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  • 1. Energy Efficiency Ece DINCASLAN Izmir University of EconomicsABSTRACTToday’s renewable energy sources are very important for lots of countries. Therefore, manycountries start to change and implement their policies. Especially, in Turkey and Europe theimportance of solar and wind energies influence the energy policies.In this context, reducing energy use reduces energy costs and reducing energy use is also seenas a key solution to the problem of reducing greenhouse gas emissions. Energy efficiencyand renewable energy are said to be the twin pillars of sustainable energy policy.1 This paperanalyzes that area of general policies, economical activities, advantages and disadvantages ofenergy efficiency policies according to Climate Change and Renewable Energies, especiallyin the sense of China, USA and EU. We can create a more sustainable, cleaner and safer world by making wiser energy choices. Robert ALAN 1. Introduction Many countries have begun the process of implementing energy efficiency policies. Indeed,this process in some countries has been impressive. However, more needs to be done. It hasbecome clear that many countries require technical assistance to understand the details ofwhat is required to implement energy efficiency policies. In order to address globalwarming and reduce whole world’s dependence on limited fossil fuel reserves, and policiesshould encourage and assist major developing countries to improve their energy efficiency.This need for capacity building on energy efficiency policy implementation should includethe policies which shaped around by the IEA and others such as the UN Foundation. Inaddition, the Kyoto Protocol which aimed at fighting global warming and have many effectson energy prices and trends, need to be evaluated because of this agreement was to reducegreenhouse gas emissions by 5.2 per cent below 1990 levels by between 2008 to 2012. Most1 "The Twin Pillars of Sustainable Energy: Synergies between Energy Efficiency and Renewable Energy Technology andPolicy". Aceee.org. 1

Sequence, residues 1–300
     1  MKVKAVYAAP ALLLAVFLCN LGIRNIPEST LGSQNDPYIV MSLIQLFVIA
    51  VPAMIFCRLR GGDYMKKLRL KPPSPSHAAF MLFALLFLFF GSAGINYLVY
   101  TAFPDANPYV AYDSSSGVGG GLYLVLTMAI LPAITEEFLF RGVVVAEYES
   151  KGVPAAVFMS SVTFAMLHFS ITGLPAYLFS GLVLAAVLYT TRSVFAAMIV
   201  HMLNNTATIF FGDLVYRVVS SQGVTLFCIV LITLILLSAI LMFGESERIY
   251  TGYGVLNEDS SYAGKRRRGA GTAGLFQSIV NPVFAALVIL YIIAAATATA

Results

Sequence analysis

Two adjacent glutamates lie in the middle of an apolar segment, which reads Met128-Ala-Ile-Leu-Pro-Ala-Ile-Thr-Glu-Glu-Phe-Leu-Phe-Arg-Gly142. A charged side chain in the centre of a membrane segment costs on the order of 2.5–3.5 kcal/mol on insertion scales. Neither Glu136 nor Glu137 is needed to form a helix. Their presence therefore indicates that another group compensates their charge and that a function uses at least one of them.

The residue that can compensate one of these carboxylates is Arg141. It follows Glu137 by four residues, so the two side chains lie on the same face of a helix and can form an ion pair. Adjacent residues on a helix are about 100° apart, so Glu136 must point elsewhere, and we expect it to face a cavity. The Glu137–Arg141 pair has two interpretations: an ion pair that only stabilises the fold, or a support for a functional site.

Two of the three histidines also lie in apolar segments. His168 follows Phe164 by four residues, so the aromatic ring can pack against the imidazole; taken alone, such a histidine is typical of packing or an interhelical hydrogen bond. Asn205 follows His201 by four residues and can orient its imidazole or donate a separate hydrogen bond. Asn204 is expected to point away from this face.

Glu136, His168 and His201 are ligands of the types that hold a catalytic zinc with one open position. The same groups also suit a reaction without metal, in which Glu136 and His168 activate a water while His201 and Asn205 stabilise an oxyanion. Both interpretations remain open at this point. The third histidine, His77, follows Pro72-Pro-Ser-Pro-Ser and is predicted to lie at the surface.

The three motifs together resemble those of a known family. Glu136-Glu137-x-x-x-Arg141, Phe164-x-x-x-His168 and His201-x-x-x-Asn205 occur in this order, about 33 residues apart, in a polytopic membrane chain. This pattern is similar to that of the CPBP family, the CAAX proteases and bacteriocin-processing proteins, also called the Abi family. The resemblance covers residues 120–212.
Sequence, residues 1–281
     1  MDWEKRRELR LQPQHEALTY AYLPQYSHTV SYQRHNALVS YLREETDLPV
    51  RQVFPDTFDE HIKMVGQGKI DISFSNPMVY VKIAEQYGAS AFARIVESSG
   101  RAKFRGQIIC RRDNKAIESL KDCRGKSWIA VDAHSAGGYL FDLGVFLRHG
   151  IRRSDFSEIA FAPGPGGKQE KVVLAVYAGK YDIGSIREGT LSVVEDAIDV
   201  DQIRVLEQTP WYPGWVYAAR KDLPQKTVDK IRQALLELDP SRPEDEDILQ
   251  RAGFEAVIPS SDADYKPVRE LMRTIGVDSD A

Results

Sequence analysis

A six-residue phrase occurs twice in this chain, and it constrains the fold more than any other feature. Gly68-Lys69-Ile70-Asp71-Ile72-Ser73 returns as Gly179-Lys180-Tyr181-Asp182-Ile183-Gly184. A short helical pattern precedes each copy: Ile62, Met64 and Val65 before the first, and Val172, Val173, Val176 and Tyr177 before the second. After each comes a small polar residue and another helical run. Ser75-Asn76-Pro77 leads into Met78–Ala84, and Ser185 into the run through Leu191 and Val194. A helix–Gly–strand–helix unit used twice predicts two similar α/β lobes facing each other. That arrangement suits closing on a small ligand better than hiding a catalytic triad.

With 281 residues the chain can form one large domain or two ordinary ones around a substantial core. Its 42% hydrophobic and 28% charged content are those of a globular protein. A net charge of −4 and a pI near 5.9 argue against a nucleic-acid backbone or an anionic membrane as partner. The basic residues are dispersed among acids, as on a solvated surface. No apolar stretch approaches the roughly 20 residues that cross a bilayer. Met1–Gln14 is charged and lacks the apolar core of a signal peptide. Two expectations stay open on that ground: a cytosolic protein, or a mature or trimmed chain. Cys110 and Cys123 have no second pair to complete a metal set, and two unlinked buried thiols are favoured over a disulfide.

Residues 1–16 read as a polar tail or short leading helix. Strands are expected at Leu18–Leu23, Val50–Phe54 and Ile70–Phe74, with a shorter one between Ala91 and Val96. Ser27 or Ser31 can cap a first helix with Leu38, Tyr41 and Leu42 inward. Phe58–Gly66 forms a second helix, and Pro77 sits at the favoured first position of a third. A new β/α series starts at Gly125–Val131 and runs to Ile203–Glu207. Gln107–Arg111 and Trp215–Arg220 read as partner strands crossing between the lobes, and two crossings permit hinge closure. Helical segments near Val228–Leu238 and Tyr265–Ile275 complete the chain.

• 2. countries were dealt with individually, except those in the European Union. Thus, it can beseen that somehow EU is more focused on environmental issues and renewable energy. Energy efficiency is attractive in all nations and especially in developing countries becauseit allows existing energy sources to serve a larger population and facilitates universal accessto modern energy services are needed for poverty reduction and sustainable development.Energy efficiency is also cost-effective opportunity to reduce global greenhouse gasemissions. Meeting global energy demand is a complex and expensive task. Achievable gainsin energy efficiency, renewable energy, forest conservation, and sustainable land useworldwide could achieve up to 75 percent of needed global emissions reductions in 2020 at anet savings of $14 billion.2 Developed countries have more obligations to cut greenhouse gas, at the same timeincreasing energy efficiency rates, changing the structures of energy consumption andreducing energy demands. China, for instance, has a rapidly growing economy and is both amajor consumer of energy and a major supplier of energy consuming products on the worldmarket. China is now the worlds largest emitter of greenhouse gases and the second largestconsumer of energy in the world, behind only the United States. Thus, concerns about climatechange and energy security are against the rising costs of energy and the need to power theglobal economic order. However, some developed nations such as members of the EuropeanUnion hope that developing countries will mitigate greenhouse gas emissions by raisingenvironmental criteria. The EU is moving rapidly towards cleaner and renewable energy. It ispossible that all renewable energy sources, wind, solar, hydropower and biomass will play acrucial role in the EU’s energy security challenges, and making a contribution to efforts inareas of climate change and the environment. According to Joint Research Center (JRC)’sreport on renewable energy in the EU, if the current rates are maintained, approximately 35-40 per cent of the overall electricity consumed in the EU would come from renewablesources. 1.1.Greenhouse Gas (GHG) Emissions and Environmental Policies 1.2. The Kyoto Protocol The Kyoto Protocol is an international treaty which has been in force since 2005, in order to reduce greenhouse gas (GHG) emission for global warming. The key feature of the Kyoto Protocol is that it commits developed countries that have signed the protocol to limit2 UN Foundation, Climate Change Report, Oct. 2009 2